With the first snowfall of winter, Nip 'n' Tuck Farm in West Tisbury is quiet outside. The farm equipment out in the field is covered, and a tractor sits decorated in dual shades of rust and fresh snow. The landscape is motionless.

Inside the worn old barn, Fred S. Fisher 3rd, 49, goes about the chores he has done since youth.

A small radio plays country music. The volume is turned down low. "I think the cows like the country, I leave it on all night," Mr. Fisher says as he spreads fresh hay with a pitchfork.

Today is a first day for a new visitor to the barn: a black and white calf born one week ago. The animal is timid; its legs shake as it stands. Mr. Fisher explains he has found a place on its head where he can scratch with his fingers and win the animal's undivided attention. It is a beginning in the nonverbal connection between the farmer and his livestock.

"See, right here," he says, as his fingers move gently.

There are 10 cows in the barn. To meet the family needs, one is for milking. Four cows are grade beef cows. There are more calves coming.

Winters are stark at the 60-acre farm. On this afternoon the air is still and icicles hang from the barn roof. But even with the temperature outside at 30 degrees, the farmer has plenty to do.

To make ends meet, Mr. Fisher says he does a lot of things in the winter, much of it work away from the animals. "I run a trucking business. I sell firewood. For 20 years I used to go oystering," he says. There are no oysters for harvesting this year in the Tisbury Great Pond. And so the winter becomes a little more lean.

Last weekend Mr. Fisher took his two Bergeron horses Pearl and Bell to downtown Vineyard Haven. With the help of an assistant he hitched up the two to a hayride wagon. For three hours he ran rides between Bowl and Board on Main street to the Tisbury Marketplace on Beach Road. Back and forth he went. The ride is a few minutes long and is intended to encourage shoppers to visit both downtown shopping areas. "The horses know the way," he says.

"I'd have a hard time trying to tell the horses to go a different route," he says. "I've been doing these rides for years."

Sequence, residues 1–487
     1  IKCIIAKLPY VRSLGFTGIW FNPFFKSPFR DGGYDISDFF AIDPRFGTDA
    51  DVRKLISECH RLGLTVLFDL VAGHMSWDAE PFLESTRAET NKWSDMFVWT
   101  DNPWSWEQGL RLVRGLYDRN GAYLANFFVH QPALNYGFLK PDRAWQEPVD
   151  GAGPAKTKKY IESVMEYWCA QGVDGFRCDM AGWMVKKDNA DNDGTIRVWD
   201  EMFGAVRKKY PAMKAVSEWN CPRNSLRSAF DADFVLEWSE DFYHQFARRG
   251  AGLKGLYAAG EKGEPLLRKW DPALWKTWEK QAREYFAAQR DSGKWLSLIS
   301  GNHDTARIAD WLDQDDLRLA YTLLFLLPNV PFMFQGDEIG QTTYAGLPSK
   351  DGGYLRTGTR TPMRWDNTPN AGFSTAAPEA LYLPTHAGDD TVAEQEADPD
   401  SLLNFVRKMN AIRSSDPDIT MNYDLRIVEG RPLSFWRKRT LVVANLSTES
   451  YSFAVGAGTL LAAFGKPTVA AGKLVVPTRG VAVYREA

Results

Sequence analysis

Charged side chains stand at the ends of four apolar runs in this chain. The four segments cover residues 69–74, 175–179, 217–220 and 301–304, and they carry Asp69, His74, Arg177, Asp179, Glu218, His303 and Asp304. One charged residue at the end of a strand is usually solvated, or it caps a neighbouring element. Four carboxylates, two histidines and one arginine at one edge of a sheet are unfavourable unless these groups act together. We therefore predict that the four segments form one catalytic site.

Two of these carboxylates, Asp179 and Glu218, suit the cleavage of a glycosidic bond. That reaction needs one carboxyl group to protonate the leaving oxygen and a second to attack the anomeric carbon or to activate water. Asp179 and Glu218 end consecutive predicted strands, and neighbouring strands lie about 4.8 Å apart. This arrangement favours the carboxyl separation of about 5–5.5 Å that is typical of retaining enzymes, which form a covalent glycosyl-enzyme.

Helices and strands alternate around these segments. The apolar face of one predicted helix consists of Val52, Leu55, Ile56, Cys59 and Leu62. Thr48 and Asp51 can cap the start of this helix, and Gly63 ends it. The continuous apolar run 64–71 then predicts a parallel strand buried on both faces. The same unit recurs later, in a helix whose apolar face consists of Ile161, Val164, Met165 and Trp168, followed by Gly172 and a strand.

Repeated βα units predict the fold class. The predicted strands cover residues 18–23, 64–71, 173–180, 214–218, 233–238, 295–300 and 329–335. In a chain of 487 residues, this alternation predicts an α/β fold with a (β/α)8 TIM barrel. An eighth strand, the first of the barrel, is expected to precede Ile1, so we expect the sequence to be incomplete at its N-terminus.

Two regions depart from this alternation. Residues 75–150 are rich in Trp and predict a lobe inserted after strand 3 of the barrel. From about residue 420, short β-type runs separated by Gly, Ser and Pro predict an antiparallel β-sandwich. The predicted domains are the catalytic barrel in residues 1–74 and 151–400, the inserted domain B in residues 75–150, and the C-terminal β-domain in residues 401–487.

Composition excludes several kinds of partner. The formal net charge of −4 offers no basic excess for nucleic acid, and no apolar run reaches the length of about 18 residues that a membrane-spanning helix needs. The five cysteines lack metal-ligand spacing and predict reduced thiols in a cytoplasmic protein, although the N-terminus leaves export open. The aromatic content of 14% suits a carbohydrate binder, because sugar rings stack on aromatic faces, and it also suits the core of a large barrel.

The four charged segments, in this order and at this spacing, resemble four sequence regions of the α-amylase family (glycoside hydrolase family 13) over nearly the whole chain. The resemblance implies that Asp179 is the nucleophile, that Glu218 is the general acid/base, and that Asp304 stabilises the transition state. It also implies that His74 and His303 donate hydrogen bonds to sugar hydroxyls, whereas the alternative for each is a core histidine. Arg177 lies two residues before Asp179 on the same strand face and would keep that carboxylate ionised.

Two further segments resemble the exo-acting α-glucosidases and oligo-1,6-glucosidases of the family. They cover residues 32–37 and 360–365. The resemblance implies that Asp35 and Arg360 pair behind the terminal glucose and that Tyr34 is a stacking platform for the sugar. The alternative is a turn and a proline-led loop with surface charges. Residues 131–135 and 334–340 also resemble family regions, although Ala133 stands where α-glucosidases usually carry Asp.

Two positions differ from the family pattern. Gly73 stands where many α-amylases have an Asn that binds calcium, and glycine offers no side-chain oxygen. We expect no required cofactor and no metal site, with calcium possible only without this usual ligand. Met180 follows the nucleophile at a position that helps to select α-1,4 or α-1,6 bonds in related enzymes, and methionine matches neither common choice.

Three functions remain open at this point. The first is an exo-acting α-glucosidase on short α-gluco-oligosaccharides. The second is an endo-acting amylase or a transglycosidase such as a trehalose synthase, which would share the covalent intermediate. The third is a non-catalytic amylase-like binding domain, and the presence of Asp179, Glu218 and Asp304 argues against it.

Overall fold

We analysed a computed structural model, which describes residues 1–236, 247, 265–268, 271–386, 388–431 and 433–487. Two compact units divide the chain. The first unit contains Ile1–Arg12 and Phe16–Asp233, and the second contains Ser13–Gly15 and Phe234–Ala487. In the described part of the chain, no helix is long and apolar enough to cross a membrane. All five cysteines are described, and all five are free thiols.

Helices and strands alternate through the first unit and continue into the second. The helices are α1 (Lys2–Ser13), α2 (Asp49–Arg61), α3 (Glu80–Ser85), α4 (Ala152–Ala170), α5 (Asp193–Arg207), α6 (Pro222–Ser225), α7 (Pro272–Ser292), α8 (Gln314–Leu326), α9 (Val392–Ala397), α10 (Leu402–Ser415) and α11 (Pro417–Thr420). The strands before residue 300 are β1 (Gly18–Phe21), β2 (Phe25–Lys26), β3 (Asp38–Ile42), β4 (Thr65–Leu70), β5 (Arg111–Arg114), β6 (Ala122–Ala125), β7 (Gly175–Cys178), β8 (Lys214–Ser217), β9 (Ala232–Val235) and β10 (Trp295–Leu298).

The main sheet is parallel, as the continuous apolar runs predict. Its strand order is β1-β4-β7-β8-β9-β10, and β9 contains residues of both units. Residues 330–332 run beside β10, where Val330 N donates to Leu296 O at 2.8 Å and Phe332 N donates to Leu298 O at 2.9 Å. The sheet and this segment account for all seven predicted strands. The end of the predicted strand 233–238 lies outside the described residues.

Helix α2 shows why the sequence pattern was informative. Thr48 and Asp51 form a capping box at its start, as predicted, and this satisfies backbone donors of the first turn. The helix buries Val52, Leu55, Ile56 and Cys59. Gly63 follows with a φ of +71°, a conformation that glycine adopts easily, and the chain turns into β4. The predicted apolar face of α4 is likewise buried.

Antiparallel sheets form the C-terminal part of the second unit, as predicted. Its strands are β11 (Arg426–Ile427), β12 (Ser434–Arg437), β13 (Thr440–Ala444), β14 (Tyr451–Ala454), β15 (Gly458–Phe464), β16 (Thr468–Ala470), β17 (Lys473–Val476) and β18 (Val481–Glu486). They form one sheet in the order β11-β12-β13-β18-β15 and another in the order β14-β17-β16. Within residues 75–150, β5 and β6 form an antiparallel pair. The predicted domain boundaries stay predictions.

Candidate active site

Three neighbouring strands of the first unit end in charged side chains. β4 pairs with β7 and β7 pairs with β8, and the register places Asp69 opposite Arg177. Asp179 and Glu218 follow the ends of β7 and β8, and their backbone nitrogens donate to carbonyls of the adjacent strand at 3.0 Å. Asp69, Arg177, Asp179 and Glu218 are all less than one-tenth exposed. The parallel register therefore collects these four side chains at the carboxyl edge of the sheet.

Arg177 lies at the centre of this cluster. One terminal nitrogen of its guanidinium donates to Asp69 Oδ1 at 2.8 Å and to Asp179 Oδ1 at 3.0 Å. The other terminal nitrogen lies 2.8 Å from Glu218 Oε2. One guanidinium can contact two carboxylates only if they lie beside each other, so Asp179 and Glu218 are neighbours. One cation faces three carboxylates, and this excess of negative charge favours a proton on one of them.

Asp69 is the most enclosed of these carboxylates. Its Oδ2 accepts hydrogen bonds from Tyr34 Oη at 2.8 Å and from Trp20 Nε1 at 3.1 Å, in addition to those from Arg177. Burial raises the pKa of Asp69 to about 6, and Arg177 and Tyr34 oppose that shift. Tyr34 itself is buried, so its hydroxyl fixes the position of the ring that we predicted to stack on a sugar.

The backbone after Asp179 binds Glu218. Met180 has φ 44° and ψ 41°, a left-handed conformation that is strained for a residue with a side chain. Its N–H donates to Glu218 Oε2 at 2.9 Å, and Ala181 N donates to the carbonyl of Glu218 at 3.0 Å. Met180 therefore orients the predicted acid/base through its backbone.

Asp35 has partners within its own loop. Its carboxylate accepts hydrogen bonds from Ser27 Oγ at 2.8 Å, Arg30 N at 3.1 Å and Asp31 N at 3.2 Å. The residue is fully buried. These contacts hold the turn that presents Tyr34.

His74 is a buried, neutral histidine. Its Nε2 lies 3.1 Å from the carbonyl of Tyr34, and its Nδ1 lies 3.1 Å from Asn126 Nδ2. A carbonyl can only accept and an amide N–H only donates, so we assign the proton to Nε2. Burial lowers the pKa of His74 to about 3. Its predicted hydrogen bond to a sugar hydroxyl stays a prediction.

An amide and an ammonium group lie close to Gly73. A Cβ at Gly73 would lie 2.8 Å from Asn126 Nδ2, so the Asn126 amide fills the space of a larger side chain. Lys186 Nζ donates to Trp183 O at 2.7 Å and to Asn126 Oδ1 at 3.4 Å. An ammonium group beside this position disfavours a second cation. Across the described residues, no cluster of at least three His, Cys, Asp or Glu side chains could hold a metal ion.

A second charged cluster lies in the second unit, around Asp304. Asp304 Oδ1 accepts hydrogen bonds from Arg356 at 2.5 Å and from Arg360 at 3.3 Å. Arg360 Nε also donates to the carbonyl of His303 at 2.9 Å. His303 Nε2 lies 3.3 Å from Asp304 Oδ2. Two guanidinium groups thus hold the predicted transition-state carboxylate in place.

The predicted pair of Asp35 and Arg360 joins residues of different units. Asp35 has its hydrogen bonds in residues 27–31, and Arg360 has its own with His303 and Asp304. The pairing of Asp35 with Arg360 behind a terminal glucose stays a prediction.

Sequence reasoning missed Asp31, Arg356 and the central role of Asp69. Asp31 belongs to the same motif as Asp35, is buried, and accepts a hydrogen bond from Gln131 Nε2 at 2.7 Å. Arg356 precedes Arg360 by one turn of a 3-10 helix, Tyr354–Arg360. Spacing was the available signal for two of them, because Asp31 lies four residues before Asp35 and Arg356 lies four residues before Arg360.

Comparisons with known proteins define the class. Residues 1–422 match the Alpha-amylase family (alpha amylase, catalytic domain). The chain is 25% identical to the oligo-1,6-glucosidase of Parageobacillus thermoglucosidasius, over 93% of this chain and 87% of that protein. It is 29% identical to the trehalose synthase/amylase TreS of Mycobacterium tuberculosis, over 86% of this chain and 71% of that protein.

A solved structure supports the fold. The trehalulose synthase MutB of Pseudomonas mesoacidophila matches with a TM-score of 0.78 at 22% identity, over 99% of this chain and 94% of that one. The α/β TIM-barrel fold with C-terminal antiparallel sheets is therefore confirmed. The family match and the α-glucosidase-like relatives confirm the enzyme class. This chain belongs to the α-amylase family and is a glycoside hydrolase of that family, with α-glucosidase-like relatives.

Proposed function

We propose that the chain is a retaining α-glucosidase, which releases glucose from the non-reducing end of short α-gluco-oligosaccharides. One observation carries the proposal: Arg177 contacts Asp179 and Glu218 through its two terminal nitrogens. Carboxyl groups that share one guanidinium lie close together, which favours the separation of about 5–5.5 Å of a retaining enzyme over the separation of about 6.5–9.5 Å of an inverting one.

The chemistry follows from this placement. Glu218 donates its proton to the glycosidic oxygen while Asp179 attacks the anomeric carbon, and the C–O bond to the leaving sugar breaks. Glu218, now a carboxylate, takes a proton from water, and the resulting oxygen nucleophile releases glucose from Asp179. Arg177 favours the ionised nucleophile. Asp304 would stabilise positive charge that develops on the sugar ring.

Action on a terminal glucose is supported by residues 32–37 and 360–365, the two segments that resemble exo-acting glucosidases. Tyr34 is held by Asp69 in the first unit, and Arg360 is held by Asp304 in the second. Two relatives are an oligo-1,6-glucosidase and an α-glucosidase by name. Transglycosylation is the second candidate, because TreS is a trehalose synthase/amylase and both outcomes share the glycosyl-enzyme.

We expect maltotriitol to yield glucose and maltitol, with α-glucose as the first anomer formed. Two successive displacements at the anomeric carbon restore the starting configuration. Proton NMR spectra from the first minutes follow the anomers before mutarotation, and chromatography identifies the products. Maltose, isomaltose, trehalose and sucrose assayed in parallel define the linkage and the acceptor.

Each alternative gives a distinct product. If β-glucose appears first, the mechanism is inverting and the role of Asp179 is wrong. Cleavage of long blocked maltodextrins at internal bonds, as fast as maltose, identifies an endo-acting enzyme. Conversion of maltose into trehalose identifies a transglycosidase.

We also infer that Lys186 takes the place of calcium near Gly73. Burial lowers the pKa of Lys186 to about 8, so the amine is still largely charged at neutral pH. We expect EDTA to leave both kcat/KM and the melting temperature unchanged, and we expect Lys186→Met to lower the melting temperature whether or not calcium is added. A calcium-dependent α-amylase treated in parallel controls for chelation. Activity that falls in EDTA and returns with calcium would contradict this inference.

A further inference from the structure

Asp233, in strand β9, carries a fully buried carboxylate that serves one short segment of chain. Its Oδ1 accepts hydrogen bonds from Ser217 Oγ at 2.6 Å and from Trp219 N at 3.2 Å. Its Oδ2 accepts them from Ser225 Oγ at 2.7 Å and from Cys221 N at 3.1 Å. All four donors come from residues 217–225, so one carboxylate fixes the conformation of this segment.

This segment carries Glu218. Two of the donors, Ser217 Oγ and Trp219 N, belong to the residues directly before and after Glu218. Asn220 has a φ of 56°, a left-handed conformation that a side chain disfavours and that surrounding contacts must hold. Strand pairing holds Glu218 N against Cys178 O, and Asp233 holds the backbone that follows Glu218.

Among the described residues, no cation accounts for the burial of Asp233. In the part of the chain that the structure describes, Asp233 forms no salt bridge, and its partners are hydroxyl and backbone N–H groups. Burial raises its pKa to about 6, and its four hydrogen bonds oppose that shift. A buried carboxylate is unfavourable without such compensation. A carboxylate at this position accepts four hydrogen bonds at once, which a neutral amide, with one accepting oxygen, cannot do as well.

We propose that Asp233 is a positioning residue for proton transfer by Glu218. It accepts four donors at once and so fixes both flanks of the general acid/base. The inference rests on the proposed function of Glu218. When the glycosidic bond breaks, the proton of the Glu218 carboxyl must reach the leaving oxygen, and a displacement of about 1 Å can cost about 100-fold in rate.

Mr. Fisher's customer is the Tisbury Business Association and he'll be doing the horse and wagon rides again this weekend.

Fred Fisher is easy to spot at this time of year. He wears red coveralls that hang on his lean frame from collar to shoes. His signature hat is a railroad engineer's hat - the same hat his father wore when he worked the farm that has been in the Fisher family since 1956. Fred Fisher died in 1998.

It can be a hard life on the farm at times, Mr. Fisher admits. The barn building is tired and sagging, held up by huge beams overhead and below.

From State Road, the barn towers over the landscape, set back a bit from the fields on a small hill. Horses are kept below, at ground level. Two heavy-weather gray doors require two hands to move.

To make up for the poor economics of winter, Mr. Fisher likes to ride the hay wagon through the streets of Tisbury. When it snows he will plow for customers.

He also sells hay, some of it to other farmers for livestock feed, but much of it these days is for construction sites.

On the other side of the farmhouse sits the chicken coop, home to 120 chickens. Fresh eggs are ready for gathering. Mr. Fisher fills a five-gallon bucket with no trouble and no cracked eggs. A cacophony of clucking fills the coop. Mr. Fisher's feet move as he wades ankle-deep through bobbing and pecking hens, flapping wings and stray feathers.

Not far from the barn there is another outbuilding where three sows are kept. "I hope to yield 25 piglets in the spring," the farmer says.